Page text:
Headlines

  • Libya passed a "political isolation" law, which would ban from office officials who had held a senior position under Qaddafi, in a move which could unseat Prime Minster Ali Zidan.
  • China is hosting Israeli Prime Minister Benjamin Netanyahu and Palestinian Authority President Mahmoud Abbas for separate talks, showing a desire for a greater role in the region.
  • A Kenyan court has sentenced two Iranians to life in prison after being convicted last week of possessing explosives, which they allegedly planned to use to attack Nairobi and Mombasa in 2012.
  • Iraqi provincial election results show Prime Minster Nouri al-Maliki’s coalition ahead in seven out of 12 provinces, including the capital, Baghdad. 

Arguments and Analysis

How Syria Ruined the Arab Spring (Marc Lynch, Foreign Policy)

"Washington today is consumed by another round of its endless debate about whether to intervene in Syria, this time in response to the regime’s alleged use of chemical weapons. I have little to add to the thousands of essays already published on this, beyond what I’ve already argued. I might add that defending American "credibility" is always a bad reason to go to war. The reputation costs of not enforcing a red line are minimal, and will evaporate within a news cycle; military intervention in Syria will be the news cycle for the next few years. The United States should act in Syria in the way that it believes will best serve American interests and most effectively respond to Syria’s horrific violence, not because it feels it must enforce an ill-advised red line.

Rather than continue that debate right now, I want to take a step back and look at how profoundly the Syrian nightmare has destroyed the spirit of fun, hope, and positive change of the early Arab uprisings. The promise of the Arab Spring has given way to Syria’s highly visible and protracted violence, divisive identity politics, focus on international intervention, crushing of expectations, fragmentation of the media landscape, state failure, and strategic proxy warfare.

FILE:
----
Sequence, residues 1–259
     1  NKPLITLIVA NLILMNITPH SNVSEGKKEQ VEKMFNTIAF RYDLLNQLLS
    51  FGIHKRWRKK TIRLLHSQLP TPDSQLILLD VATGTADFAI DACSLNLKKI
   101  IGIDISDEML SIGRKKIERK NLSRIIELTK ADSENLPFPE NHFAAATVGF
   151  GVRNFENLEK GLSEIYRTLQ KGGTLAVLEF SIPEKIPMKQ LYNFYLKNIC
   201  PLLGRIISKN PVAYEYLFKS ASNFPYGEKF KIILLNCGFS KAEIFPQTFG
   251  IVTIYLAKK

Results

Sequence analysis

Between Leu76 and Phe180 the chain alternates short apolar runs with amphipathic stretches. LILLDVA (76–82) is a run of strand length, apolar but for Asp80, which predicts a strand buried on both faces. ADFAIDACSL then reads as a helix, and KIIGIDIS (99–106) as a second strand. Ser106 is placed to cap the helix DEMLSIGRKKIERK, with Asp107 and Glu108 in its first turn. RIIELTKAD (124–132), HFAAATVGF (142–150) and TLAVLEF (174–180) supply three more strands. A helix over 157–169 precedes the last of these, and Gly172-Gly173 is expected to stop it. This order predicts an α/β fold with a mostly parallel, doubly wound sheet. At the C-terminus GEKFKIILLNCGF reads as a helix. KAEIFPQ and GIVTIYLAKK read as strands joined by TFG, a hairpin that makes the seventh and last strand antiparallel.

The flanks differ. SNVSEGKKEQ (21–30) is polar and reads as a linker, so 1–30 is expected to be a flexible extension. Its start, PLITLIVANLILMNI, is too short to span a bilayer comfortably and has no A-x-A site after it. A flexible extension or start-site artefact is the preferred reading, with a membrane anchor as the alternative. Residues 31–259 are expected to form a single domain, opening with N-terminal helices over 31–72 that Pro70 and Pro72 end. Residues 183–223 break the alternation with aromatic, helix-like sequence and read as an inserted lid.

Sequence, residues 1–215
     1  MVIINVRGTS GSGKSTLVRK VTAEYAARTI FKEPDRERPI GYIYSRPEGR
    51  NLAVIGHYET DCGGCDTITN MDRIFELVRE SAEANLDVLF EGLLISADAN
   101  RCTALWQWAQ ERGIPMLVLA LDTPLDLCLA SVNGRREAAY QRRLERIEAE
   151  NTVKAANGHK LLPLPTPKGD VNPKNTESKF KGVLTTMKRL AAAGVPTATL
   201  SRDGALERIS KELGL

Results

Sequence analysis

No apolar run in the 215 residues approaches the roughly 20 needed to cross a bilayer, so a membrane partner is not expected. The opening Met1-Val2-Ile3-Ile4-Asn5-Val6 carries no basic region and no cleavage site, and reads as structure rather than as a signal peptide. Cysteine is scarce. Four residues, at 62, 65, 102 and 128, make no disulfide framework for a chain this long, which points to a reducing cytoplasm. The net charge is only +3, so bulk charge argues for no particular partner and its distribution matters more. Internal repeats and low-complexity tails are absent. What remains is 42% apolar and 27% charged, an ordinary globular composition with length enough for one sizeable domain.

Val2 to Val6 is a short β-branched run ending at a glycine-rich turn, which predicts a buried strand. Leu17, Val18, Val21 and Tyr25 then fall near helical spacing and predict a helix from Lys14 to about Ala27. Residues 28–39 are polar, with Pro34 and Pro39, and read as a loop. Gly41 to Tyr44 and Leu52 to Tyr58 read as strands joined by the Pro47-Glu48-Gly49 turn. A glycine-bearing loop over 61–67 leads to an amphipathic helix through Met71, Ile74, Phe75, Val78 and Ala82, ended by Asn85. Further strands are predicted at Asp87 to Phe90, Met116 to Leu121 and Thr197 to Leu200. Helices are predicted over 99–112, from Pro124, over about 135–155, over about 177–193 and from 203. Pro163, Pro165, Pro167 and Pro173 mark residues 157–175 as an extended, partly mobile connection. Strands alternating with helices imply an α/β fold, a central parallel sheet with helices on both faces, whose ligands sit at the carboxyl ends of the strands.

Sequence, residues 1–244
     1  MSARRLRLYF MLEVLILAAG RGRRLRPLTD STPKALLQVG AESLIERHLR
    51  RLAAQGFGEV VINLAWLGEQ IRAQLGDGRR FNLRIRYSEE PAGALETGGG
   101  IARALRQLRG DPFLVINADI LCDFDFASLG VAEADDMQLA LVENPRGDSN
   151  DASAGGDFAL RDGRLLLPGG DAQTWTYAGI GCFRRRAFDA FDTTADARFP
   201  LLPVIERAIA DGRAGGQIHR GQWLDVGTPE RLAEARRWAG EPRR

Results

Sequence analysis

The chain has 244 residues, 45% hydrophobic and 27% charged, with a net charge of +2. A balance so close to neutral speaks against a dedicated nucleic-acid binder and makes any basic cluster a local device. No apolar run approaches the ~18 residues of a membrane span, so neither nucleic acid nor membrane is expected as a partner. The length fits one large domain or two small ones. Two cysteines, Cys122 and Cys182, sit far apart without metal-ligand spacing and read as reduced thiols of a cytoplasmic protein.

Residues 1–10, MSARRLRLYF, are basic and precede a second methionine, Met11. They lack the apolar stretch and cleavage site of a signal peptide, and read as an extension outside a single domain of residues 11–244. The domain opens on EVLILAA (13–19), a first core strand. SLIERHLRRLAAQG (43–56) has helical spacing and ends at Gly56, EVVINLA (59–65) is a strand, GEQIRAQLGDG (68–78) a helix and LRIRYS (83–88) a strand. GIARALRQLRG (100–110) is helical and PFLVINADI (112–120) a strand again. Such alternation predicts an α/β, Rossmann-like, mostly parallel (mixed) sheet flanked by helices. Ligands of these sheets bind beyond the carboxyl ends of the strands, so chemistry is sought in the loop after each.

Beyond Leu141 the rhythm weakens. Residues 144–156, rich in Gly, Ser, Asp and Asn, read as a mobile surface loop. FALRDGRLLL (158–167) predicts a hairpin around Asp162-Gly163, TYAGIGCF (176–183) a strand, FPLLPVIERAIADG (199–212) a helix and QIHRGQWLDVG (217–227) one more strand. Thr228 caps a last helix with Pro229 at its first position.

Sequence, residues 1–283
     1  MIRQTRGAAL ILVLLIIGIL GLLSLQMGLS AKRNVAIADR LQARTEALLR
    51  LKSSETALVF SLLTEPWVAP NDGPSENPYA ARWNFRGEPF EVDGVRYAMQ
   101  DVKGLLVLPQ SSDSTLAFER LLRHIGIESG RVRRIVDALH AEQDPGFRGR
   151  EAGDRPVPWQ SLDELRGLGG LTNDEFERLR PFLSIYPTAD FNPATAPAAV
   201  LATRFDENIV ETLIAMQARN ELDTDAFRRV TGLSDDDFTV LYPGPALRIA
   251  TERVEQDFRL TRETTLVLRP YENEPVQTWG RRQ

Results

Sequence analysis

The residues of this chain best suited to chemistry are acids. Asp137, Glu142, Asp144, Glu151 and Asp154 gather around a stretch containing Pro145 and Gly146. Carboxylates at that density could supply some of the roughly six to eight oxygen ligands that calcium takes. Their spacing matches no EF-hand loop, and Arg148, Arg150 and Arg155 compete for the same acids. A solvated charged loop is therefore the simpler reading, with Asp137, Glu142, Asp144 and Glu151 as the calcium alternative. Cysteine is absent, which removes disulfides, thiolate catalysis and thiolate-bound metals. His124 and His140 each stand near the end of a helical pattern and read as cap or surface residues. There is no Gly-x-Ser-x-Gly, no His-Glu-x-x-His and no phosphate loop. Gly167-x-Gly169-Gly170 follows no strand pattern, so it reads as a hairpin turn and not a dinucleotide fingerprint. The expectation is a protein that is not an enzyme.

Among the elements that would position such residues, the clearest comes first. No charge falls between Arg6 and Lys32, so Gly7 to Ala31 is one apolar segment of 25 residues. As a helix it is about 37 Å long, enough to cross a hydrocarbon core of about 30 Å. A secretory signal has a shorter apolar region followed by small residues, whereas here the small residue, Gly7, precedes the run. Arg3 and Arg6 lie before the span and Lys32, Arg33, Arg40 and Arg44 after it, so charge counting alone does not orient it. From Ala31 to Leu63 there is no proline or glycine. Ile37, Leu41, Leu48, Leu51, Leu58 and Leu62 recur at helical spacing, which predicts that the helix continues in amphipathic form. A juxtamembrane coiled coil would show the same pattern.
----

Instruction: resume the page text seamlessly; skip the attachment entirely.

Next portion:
The most obvious way in which Syria has eaten the Arab Spring is the ongoing violence. Egypt and Tunisia may not have been quite as peaceful as many like to believe — many protesters died in clashes with the police — but it mattered that the militaries opted not to open fire on their people. The NATO intervention began in Libya barely a month after the first days of the uprising, before Muammar al-Qaddafi’s violent backlash gained full strength. But Syria’s almost incomprehensible scale of death and devastation has ground on for two long years, with only worse horrors on the horizon."

Iranian Strategy in Syria (Will Fulton, Joseph Holliday & Sam Wyer, Critical Threats Project and Institute for the Study of War)

"The Islamic Republic of Iran has conducted an extensive, expensive, and integrated effort to keep President Bashar al-Assad in power as long as possible while setting conditions to retain its ability to use Syrian territory and assets to pursue its regional interests should Assad fall.

The Iranian security and intelligence services are advising and assisting the Syrian military in order to preserve Bashar al-Assad’s hold on power. These efforts have evolved into an expeditionary training mission using Islamic Revolutionary Guards Corps (IRGC) Ground Forces, Quds Force, intelligence services, and law enforcement forces. The deployment of IRGC Ground Forces to conflict abroad is a notable expansion of Iran’s willingness and ability to project military force beyond its borders.

Iran has been providing essential military supplies to Assad, primarily by air. Opposition gains in Syria have interdicted many ground resupply routes between Baghdad and Damascus, and the relative paucity of Iranian port-visits in Syria suggests that Iran’s sea-lanes to Syria are more symbolic than practical. The air line of communication between Iran and Syria is thus a key vulnerability for I
ranian strategy in Syria. Iran would not be able to maintain its current level of support to Assad if this air route were interdicted through a no-fly zone or rebel capture of Syrian airfields."

–By Jennifer Parker and Mary Casey

<p>Mary Casey-Baker is the editor of Foreign Policy’s Middle East Daily Brief, as well as the assistant director of public affairs at the Project on Middle East Political Science and assistant editor of The Monkey Cage blog for the Washington Post. </p> Twitter: @casey_mary